3. Hurricane Gustav – August 30, 2008: 211.7mph
On August 30, 2008, Hurricane Gustav became the second most devastating hurricane that year. The disaster struck in the Americas, forming first in Haiti before hitting Cuba, the Cayman Islands, the Dominican Republic, Jamaica, and the United States. The peak wind gusts reached 211.7 miles per hour and was measured by a Dines pressure tube anemometer on the Cuban coastal town of Paso Real de San Diego.
Hurricane Gustav resulted in $8.31 billion in damages and a total of 153 casualties.
2. Mount Washington, New Hampshire, USA – April 12, 1934: 231mph
The Mt. Washington wind speed record of 231 mph enjoyed the title of the longest-standing record for the fastest wind for almost 62 years. Notoriously one of the most intense locations on earth in terms of windy weather, Mt. Washington was experiencing relatively low wind speeds during the storm that produced the former world record wind velocity. The purported reason for the incredibly high record was the close pressure differences around the area. The 231 mph remains the fastest wind speed record in the Northern and Western Hemispheres.
1. Cyclone Olivia – April 10, 1996: 253mph
The all-time highest record for the fastest wind speed ever recorded on earth goes to the 253 mph recorded on Barrow Island, Australia on April 10, 1996. The record wind speed was taken during the tropical Cyclone Olivia which was a Category 4 storm. The anemometer that took the three-second reading was located 210 feet above sea level and took the reading at 6:15 pm. The reading wasn’t valid until 14 years later in 2010.
The Cyclone Olivia took no casualties and resulted in damages worth about $47.5 million.
It is important to know how to stay safe during a natural disaster, especially one that incurs high wind speeds and can potentially cause heavy damages and injuries.
- The best and safest place to ride out a windy storm is indoors. If you are far from your place of residence, then you can take shelter in or next to a building or storm shelter.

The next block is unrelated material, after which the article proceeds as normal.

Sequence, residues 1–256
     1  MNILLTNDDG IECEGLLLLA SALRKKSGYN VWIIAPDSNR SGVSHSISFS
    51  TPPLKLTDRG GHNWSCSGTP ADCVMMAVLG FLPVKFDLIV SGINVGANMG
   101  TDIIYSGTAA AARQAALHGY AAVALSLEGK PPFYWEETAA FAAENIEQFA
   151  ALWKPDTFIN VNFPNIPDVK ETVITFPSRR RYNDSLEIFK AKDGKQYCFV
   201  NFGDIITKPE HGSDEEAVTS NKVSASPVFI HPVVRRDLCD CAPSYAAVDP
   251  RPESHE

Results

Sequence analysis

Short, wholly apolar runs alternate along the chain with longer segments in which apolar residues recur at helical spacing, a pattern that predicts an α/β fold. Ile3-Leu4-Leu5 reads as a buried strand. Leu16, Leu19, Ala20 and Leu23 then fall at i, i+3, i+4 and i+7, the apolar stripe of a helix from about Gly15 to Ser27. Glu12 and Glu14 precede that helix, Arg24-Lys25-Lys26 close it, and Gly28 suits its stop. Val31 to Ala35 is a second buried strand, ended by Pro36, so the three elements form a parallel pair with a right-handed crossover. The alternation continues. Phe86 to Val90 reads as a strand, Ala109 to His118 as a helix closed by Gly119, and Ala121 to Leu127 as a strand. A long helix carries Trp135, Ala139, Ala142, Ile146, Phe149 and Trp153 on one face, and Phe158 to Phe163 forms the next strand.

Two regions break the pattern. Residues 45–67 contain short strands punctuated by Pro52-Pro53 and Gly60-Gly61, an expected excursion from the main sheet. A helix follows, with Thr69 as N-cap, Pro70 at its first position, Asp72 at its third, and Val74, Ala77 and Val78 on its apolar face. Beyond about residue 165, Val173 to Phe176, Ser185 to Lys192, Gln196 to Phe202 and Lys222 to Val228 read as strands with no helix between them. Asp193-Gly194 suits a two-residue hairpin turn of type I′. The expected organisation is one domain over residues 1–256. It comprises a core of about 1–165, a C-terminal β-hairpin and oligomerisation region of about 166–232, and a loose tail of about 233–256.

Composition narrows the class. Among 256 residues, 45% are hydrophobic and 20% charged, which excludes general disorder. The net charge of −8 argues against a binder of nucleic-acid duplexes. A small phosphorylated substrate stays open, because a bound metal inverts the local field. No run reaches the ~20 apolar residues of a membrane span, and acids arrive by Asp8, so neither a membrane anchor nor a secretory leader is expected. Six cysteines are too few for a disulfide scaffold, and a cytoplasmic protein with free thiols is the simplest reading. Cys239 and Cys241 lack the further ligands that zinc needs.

- It is important to remember to steer clear of any roads, railroad tracks, or the like. This is because the wind could be so strong that it blows you into the direction of a moving vehicle.
- Find somewhere to anchor yourself if you’re outside. This could be railings and other structures.
- Windy storms can be pretty brutal and violent. Wind is able to uproot trees and send them flying. Make sure you keep an eye out for flying debris on your way to finding shelter.
- Keep a vigilant eye and ear out for weather reports of windiness. If you made plans on such a day, cancel them and stay indoors. Better safe than sorry!
- Discover The Highest Wind Speed Ever Recorded On Earth!
- Discover the Windiest Place on Planet Earth (Where 150mph Winds Are Common!)
- Watch a Powerful Storm Pound Lake Superior and the Great Lakes
The photo featured at the top of this post is © LouiesWorld1/Shutterstock.com
FAQs (Frequently Asked Questions)
What was the fastest wind speed ever recorded?
The all-time highest record for the fastest wind speed ever recorded on earth goes to the 253 mph recorded on Barrow Island, Australia on April 10, 1996 during Cyclone Olivia.
What causes high wind speed?
High speed wind is caused by differences in the atmospheric pressure gradient. This simply means how fast the pressure changes over a distance. Changes in pressure over a long distance results in slower winds while fast changes in shorter distances causes high speed winds.